What the papers say

Random notes on coronavirus and opinion poll response rates, election postponements and a call to give counting of pre-poll votes a head start on election night.

No Newspoll this week it seems – which is unfortunate, because a report in New York Times ($) suggests coronavirus lockdowns are doing wonders for opinion poll response rates:

Even in online surveys, pollsters have also seen an increase in participation over the past few weeks. At the Pew Research Center, which does most of its polling through the online American Trends Panel, many respondents filled in a voluntary-comments box in a recent survey with expressions of gratitude.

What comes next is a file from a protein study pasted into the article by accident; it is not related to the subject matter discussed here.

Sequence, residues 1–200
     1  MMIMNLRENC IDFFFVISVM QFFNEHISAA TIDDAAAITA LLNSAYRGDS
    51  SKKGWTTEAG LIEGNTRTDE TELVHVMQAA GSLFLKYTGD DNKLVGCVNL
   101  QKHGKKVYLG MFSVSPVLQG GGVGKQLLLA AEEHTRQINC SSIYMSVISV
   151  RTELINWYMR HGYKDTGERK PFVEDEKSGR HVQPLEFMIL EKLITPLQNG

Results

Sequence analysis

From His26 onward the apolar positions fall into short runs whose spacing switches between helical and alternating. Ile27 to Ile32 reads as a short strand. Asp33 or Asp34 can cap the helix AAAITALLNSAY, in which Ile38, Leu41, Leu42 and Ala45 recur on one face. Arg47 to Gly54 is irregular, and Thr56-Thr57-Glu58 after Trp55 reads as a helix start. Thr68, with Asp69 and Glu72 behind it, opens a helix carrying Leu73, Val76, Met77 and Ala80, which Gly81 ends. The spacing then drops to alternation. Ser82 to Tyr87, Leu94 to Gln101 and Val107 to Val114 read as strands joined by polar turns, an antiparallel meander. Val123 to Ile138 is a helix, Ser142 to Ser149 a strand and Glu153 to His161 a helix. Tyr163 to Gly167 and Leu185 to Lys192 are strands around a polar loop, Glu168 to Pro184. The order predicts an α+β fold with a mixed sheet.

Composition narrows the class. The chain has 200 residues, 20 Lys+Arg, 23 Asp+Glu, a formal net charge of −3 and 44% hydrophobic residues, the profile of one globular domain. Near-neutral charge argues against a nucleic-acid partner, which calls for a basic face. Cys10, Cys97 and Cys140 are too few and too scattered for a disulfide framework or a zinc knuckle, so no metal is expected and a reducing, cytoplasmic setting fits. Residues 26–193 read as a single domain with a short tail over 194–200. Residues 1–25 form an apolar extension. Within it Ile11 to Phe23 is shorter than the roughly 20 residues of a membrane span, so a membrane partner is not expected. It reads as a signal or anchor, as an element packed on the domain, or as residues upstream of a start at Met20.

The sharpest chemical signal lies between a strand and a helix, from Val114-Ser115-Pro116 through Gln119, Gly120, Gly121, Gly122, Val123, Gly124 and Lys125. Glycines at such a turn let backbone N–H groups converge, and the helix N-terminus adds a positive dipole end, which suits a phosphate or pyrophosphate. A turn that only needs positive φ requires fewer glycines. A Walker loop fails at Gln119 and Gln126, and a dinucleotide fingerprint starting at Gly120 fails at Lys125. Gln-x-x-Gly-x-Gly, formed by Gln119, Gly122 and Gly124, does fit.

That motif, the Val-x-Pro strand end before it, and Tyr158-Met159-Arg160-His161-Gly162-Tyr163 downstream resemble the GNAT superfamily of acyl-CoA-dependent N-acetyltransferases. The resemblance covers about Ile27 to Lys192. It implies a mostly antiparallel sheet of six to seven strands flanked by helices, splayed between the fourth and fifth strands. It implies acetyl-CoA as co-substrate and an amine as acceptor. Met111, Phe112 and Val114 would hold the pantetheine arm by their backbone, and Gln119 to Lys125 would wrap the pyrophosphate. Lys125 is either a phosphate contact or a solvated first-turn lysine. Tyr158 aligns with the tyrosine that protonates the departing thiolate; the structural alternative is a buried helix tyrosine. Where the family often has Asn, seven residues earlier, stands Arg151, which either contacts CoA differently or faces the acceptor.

It is inferred that “a wider variety of people are willing to tell pollsters what they think, so it’s more likely that a poll’s respondents will come closer to reflecting the makeup of the general population.”

Coronavirus is rather less conducive to the staging of actual elections, the latest casualty being the May 30 date that was set for Tasmania’s Legislative Council seats of Huon Rosevears, which was itself a postponement from the traditional first Saturday of the month. The government has now invoked a recently legislated power to set the date for a yet-to-be-determined Saturday in June, July and August. The Tasmanian Electoral Commission has expressed the view that a fully postal election, as some were advocating, did not count as an election under the state’s existing Electoral Act.

Tasmania and other jurisdictions with elections looming on their calendars might perhaps look to South Korea, which proceeded with its legislative elections on Wednesday. As reported in The Economist ($):